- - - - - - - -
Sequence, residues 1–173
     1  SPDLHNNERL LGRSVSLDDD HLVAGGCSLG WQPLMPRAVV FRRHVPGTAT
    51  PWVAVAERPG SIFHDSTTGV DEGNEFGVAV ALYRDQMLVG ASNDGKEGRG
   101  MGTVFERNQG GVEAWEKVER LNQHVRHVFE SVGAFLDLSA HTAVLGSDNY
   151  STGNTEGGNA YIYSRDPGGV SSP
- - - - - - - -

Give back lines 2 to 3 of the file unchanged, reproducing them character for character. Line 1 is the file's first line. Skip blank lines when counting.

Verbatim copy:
     1  SPDLHNNERL LGRSVSLDDD HLVAGGCSLG WQPLMPRAVV FRRHVPGTAT
    51  PWVAVAERPG SIFHDSTTGV DEGNEFGVAV ALYRDQMLVG ASNDGKEGRG